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Cancer Is a Moving Target.
CBCT-Based Adaptive Radiation Therapy Tracks It Every Day of Treatment.

Eric Horwitz, MD, FABS, FASTRO, chair of the Department of Radiation Oncology at Fox Chase and the Lewis Katz School of Medicine at Temple University


“Adaptive radiation therapy will revolutionize radiation therapy,” says Eric Horwitz, MD, FABS, FASTRO, chair of the Department of Radiation Oncology at Fox Chase and the Lewis Katz School of Medicine at Temple University. Dr. Horwitz refers to the new radiation treatment that is now offered at Fox Chase Cancer Center using the EthosTM therapy system—a state-of-the-art linear accelerator (linac) that includes CBCT imaging technology and artificial intelligence-based software to power the adaptive treatment process. Adaptive radiation therapy allows clinicians to make daily adjustments in a patient’s treatment in real time based on the cancer’s response to the radiation, position of the tumor, and the location of the adjacent normal organs.

“With existing radiation therapy techniques such as IMRT or SBRT, we create a treatment plan at the start of therapy and use the same plan throughout. When needed, we reposition the patient on the table to ensure the radiation hits the target (the cancer),” Dr. Horwitz says.

Adaptive therapy takes us a giant step further.

With the Ethos system, everything changes: Clinicians get a “living picture” of the tumor and the tissues and organs surrounding it to learn whether the tumor is shrinking or has moved, even by millimeters. Has the patient lost weight? Have organs shifted ever so slightly? Based on what is present each day, the plan is adjusted (adapted) to reflect the reality of the moment. This daily review translates into a real-time treatment plan that is designed to ensure that the optimal radiation dose hits the tumor while minimizing damage to the healthy tissue and organs.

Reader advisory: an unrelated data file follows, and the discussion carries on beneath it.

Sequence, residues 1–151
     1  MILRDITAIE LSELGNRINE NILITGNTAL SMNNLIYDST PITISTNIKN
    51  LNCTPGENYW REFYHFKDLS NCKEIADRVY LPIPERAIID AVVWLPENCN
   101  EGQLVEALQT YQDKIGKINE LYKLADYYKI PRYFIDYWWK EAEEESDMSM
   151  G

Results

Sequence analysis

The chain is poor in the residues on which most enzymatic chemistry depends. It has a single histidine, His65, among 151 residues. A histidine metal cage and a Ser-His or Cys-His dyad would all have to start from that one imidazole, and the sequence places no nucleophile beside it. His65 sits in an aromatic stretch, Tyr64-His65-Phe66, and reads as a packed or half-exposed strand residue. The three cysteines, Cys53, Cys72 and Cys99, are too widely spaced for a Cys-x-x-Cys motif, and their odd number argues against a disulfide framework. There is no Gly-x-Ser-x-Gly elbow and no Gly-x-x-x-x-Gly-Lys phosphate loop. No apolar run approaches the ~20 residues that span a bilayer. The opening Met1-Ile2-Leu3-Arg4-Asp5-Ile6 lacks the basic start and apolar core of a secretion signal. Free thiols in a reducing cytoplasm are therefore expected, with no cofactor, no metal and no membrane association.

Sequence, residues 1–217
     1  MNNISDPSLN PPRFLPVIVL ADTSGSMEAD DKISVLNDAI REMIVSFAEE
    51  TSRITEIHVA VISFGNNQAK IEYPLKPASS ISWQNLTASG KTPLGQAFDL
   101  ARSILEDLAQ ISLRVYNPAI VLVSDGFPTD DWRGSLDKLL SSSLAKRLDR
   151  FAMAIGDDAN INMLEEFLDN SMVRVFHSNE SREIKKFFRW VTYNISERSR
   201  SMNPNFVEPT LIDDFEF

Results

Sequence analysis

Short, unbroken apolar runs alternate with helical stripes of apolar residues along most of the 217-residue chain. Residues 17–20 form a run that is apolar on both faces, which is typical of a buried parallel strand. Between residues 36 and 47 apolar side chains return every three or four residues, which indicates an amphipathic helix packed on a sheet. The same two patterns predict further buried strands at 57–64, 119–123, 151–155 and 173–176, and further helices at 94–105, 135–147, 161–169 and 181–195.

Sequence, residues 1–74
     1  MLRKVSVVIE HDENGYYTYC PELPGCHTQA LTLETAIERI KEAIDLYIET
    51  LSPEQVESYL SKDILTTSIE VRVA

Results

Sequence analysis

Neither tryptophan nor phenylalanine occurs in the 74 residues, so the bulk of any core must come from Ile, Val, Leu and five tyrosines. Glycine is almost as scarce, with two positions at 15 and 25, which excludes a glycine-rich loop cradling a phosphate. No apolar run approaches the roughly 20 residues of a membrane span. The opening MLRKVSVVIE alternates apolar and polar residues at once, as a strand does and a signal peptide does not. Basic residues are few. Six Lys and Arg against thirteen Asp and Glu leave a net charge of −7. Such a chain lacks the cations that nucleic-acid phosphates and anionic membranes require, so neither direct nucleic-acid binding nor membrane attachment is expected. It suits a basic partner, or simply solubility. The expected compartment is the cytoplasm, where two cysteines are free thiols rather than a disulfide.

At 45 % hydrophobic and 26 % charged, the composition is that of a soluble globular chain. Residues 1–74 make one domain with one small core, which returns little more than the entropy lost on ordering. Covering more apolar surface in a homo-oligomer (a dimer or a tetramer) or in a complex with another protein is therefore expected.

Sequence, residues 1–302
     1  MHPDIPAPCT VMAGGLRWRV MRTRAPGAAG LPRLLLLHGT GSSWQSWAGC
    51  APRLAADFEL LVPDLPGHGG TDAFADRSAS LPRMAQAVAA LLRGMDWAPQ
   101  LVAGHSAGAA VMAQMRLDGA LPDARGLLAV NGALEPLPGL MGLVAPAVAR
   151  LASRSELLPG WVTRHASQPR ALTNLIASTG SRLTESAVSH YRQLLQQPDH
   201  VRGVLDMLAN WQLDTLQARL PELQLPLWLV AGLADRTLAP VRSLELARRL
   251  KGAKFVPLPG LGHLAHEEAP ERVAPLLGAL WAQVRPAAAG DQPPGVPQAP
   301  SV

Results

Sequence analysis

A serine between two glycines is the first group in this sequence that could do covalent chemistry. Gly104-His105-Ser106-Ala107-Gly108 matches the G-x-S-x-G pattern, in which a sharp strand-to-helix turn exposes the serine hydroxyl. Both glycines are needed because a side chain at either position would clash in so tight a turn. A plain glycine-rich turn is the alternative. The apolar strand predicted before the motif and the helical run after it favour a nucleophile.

Over the entire course of treatment, these changes and adjustments can add up. “It is, by far, the most sophisticated way of delivering a large dose of radiation to the cancer and protecting the normal cells nearby,” Dr. Horwitz said. 

 Who’s a candidate?

“Essentially, anyone who is a candidate for stereotactic body radiation therapy and some IMRT could opt for adaptive radiation therapy,” says Dr. Horwitz. “Adaptive radiation therapy can be used as standard treatment, while some patients can also take advantage of this technology by participating in and receiving treatment on a clinical trial.”

CBCT (cone-beam computed tomography)-based adaptive radiation therapy is Food and Drug Administration (FDA)-cleared to treat many different cancers, from the head and neck through the pelvis. Fox Chase is the only regional cancer center to explore its possibilities using clinical trials to develop even more sophisticated radiation treatments. The first study that will be offered by investigators at Fox Chase will enroll men with early and intermediate-risk prostate cancer. The multi-institutional study is titled “Daily Adaptive Stereotactic Body Radiation Therapy for Prostate Cancer with Urethral Sparing: A Prospective Trial Using an Individualized Approach to Reduce Urinary Toxicity (ARTIA-Prostate).” This trial will deliver adaptive SBRT to the prostate with a reduced dose to the urethra with the goal of lowering urinary side effects.

In addition to its prostate cancer research, Fox Chase plans investigator-initiated studies in bladder, pancreas, lung, and head and neck cancers using this technology.

“Part of our mission as a national cancer center is to utilize sophisticated technology to get better control of someone’s cancer while at the same time having the fewest side effects possible. Introducing adaptive radiation therapy at Fox Chase allows us to bring unique state-of-the-art cancer treatment to many patients, one not offered anywhere else in the Philadelphia area,” Dr. Horwitz concludes.